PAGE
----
Brazil’s president announces carbon market, but few details

RIO DE JANEIRO (AP) — Brazil’s far-right President Jair Bolsonaro signed a decree that he said would create a national carbon market to reduce greenhouse gas emissions.Brazil ranks sixth in the world for climate pollution Climate Watch.

“Brazil is emerging as a powerhouse in this new green economy market,” Bolsonaro told a group of businessmen Thursday night at the government-sponsored global carbon market conference in Rio de Janeiro, which was webcast, but Not open to the media.

But critics say the measure is too vague and fails to address Brazil’s biggest climate problem – explosive deforestation in the Amazon rainforest.

Bolsonaro’s decree allows unnamed sectors of the economy to register their carbon footprints in a new registry, which then presents emission reduction curves within 180 days. This deadline can be extended for a further 180 days.

“The measure was ineffective. It created a registration system but failed to set a deadline,” said Gustavo Pinheiro, a member of the Glasgow Net Zero Financial Alliance advisory board. “It’s a voluntary provision because it creates no obligations.”

Bolsonaro’s statement also sidesteps a different carbon market proposal that has the backing of some of Brazil’s industries that have been passing Congress.

In the actual cap-and-trade market system, the government sets the maximum amount of pollution that enterprises can emit. Companies that exceed targets generate credits that can be sold. Companies that fail to meet their targets must spend money on credits or allowances. In a voluntary market, companies agree to reduce pollution rather than be forced, and promise to buy credits if they fail.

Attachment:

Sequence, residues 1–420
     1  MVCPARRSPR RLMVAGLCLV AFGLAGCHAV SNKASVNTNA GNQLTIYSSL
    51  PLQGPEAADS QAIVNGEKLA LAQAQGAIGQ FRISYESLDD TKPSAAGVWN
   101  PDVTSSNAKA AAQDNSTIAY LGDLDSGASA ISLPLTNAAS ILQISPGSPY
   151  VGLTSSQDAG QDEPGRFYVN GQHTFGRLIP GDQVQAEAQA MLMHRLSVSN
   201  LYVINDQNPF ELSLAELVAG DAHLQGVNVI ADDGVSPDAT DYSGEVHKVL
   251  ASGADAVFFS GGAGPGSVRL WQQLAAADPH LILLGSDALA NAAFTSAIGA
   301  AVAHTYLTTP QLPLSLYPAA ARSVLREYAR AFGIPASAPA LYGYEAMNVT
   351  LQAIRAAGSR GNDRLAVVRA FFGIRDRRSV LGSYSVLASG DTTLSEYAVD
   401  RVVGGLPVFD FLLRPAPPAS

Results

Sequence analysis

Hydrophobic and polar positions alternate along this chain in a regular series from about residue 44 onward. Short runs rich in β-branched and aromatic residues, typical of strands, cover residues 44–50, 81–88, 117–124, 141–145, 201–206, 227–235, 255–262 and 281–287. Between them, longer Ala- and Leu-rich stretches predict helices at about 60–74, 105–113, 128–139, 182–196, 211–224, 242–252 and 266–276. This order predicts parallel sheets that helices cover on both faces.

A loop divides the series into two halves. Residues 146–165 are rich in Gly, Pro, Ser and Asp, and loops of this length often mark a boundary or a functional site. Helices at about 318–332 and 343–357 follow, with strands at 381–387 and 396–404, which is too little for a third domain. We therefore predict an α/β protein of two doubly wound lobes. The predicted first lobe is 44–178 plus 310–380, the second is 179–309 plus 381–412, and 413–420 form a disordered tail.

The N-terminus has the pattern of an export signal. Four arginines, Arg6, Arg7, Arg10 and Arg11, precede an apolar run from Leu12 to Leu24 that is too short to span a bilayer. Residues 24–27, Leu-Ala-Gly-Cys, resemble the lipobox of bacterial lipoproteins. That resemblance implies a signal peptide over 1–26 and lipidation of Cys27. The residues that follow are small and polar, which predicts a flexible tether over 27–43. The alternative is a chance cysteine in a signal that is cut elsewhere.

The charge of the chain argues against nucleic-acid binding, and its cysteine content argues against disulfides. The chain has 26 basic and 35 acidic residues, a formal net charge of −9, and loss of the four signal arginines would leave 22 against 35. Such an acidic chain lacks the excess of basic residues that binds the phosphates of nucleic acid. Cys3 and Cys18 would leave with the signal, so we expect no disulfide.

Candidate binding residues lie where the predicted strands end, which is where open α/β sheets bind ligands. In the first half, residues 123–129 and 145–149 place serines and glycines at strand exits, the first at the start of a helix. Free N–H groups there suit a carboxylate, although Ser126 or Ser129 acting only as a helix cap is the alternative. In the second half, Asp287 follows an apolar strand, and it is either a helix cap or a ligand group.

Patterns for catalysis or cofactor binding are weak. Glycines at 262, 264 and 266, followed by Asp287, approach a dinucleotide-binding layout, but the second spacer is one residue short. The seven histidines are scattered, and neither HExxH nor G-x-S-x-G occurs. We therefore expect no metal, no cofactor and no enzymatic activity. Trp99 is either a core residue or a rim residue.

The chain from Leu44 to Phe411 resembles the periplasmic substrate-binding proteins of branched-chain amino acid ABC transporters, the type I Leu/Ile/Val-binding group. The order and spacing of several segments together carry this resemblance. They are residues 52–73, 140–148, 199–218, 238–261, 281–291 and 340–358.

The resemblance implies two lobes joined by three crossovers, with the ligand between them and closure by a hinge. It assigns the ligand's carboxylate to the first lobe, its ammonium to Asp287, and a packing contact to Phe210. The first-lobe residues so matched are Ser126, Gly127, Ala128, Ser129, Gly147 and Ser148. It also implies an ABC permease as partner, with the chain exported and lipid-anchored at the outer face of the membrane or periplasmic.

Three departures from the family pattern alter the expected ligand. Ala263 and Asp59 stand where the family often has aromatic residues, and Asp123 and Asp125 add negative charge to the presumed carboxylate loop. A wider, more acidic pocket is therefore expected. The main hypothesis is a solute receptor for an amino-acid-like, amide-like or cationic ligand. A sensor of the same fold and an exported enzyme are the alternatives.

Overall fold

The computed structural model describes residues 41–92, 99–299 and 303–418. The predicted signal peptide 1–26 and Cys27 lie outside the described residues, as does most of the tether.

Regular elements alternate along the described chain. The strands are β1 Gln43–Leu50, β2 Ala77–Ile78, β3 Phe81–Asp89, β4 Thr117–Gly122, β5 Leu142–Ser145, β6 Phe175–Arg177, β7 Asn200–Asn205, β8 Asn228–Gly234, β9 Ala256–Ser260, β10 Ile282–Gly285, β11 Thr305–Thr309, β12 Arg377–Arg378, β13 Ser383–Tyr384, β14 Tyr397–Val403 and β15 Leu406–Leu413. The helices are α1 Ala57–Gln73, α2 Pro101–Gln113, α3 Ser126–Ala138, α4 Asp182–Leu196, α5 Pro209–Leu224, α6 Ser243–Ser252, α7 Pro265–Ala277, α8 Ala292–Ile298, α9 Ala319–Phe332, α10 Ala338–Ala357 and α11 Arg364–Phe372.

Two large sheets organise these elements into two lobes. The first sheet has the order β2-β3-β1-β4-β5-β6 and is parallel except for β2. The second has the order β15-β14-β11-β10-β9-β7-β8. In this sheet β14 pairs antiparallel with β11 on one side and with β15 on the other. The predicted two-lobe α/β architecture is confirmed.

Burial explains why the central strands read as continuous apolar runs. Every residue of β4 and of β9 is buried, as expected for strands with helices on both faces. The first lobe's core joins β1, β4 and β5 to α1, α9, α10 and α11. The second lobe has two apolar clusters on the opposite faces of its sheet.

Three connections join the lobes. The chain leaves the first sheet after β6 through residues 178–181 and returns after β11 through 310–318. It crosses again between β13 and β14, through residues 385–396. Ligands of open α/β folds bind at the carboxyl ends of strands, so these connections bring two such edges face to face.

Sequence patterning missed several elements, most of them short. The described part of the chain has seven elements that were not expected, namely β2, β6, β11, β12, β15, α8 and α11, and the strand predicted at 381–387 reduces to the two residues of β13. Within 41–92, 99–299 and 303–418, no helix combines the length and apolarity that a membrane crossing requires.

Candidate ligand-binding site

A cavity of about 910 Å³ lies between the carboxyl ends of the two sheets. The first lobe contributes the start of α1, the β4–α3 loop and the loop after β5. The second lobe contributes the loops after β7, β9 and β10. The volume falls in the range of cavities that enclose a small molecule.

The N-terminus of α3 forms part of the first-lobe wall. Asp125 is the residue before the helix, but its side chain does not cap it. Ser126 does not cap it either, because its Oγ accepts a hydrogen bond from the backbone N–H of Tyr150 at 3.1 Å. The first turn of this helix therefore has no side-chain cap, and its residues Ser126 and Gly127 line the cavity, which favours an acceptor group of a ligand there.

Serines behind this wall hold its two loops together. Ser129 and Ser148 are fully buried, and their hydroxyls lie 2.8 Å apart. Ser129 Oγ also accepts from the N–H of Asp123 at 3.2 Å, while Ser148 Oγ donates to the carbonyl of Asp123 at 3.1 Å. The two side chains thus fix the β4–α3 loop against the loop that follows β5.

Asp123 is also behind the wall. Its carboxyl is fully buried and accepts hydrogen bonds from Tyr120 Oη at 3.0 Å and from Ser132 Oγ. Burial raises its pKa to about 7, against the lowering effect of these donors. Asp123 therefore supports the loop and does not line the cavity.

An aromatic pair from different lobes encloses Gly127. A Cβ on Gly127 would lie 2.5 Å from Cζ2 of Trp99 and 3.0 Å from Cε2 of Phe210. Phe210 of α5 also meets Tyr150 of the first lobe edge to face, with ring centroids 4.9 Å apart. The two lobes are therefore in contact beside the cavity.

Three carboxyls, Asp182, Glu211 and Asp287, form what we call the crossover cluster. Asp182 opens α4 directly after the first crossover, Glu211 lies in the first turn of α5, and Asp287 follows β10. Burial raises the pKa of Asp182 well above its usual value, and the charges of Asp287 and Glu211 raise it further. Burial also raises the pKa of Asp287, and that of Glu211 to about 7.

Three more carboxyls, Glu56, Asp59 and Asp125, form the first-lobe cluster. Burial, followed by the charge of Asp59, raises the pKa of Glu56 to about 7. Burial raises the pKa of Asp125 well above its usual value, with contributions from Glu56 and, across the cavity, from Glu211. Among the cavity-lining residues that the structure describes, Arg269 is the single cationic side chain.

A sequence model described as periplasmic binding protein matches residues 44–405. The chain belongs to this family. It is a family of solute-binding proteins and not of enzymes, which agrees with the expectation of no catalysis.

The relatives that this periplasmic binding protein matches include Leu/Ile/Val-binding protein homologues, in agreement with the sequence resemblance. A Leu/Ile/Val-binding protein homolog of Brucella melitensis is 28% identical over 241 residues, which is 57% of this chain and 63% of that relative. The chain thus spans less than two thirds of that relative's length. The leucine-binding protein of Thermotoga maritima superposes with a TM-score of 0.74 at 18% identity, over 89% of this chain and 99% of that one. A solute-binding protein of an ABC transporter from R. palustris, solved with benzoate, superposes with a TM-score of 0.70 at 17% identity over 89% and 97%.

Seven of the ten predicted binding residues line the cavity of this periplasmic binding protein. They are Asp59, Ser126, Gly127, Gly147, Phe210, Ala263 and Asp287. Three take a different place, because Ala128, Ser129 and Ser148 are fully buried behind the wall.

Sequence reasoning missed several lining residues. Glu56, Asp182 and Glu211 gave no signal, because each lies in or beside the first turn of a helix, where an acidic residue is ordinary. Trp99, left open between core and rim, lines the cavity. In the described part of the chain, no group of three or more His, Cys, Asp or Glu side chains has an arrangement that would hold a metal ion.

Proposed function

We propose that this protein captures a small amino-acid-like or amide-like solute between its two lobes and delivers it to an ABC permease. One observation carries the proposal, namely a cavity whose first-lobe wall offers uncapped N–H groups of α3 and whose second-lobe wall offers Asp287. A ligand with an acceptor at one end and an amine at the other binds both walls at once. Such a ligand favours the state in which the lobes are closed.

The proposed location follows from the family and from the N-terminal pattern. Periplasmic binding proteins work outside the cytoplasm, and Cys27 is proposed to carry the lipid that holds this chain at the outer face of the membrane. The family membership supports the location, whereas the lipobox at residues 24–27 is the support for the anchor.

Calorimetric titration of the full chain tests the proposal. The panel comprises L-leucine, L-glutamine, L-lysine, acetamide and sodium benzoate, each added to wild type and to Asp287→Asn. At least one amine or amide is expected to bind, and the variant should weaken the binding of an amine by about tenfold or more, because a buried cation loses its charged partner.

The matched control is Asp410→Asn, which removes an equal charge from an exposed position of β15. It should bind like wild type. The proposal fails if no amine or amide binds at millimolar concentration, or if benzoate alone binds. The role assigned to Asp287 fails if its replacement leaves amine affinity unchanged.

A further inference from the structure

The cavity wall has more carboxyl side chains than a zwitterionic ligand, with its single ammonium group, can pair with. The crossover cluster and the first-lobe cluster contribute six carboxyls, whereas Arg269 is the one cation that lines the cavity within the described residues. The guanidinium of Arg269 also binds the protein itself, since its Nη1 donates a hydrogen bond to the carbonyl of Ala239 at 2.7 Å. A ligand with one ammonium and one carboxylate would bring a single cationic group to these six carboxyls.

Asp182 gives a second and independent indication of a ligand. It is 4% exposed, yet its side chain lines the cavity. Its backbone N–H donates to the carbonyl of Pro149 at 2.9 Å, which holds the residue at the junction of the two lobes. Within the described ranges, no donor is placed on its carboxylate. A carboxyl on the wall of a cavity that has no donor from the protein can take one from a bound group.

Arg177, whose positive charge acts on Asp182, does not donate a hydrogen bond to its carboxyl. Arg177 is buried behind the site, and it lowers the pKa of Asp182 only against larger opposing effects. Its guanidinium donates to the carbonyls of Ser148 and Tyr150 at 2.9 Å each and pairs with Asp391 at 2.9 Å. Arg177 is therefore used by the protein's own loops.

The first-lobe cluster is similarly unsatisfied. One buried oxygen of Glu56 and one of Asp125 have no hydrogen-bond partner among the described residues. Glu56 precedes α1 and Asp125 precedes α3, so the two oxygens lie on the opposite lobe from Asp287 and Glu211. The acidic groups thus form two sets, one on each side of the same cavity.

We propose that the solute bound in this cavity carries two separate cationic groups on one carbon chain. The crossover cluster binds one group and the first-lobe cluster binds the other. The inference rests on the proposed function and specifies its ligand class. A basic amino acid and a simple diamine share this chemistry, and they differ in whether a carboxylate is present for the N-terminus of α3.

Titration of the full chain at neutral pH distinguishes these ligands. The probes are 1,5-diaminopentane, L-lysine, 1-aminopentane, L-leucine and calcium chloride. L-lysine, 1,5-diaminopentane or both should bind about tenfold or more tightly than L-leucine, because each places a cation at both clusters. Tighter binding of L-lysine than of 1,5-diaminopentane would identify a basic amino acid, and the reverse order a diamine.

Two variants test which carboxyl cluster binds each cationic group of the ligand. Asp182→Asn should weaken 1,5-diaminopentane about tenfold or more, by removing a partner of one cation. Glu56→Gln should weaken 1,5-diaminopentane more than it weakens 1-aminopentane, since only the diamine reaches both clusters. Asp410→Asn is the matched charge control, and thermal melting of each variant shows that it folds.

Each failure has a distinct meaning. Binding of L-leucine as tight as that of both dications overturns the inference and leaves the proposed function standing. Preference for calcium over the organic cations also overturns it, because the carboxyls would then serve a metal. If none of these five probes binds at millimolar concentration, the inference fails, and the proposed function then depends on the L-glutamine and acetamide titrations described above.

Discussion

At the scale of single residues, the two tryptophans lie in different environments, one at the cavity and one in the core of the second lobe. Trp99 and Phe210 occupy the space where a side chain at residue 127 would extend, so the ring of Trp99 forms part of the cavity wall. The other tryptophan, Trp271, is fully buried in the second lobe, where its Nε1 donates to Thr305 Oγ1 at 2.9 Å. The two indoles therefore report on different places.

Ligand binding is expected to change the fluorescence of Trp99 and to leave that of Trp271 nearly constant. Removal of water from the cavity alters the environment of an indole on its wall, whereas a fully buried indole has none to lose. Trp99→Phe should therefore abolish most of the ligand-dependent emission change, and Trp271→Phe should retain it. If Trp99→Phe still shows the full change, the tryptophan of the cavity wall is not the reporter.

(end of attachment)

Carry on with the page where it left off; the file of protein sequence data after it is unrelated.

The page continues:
Almost half of Brazil’s climate pollution comes from deforestation, according to an annual study by the Brazilian nonprofit Network Climate Observatory. The damage is so great that the eastern Amazon is no longer a carbon sink or sink for the planet, but a source of carbon. Research published in the journal Nature in 2021.

Bolsonaro’s statement was questioned by attendees at the Global Carbon Market Conference.

“If the high-profile issue of deforestation is not effectively addressed,” said Graham Stoker, a strategist at BlueBay Asset Management, “Brazil will struggle to attract investment in the carbon market.”

“We believe Brazil must reduce deforestation to have a chance to meet its broader commitments under the Paris Agreement,” he said. Brazil made a further pledge to end deforestation at last year’s UN climate conference in Glasgow. “But that didn’t happen,” he said.

Brazil has pledged to the world to reduce its carbon dioxide pollution by 43 percent from 2005 levels by 2030. In contrast, Brazil’s greenhouse gas emissions rose by 9.5 percent in 2020, while globally they fell by nearly 7 percent, according to the Climate Observatory. Meanwhile, deforestation in the Amazon increased by 22 percent last year, according to official monitoring.Stock points out that the prosecution of environmental crimes is also in decline, a fact hailed as an achievement by the Bolsonaro government.

Stock is also co-chair of The Investors Policy Dialogue on Deforestation, which has been working with authorities in Brazil and Indonesia to stop deforestation. It claims to have members from 58 financial institutions in 18 countries and manage about $8.5 trillion in assets.

In actual voluntary carbon markets, verification is critical. Companies wishing to generate carbon credits must hire independent third-party verifiers to prove that carbon pollution would be released without the creation of credits. Credit is a solemn promise that pollution has been avoided. Otherwise, these credits are bogus and do nothing to address climate change.

“It’s a reality check for us,” said Roberto Camposnetto, president of Brazil’s central bank, sitting next to Stoke. “We can think we’re doing well, but if investors’ perceptions don’t match what it takes for an investment to arrive, then we’re failing.”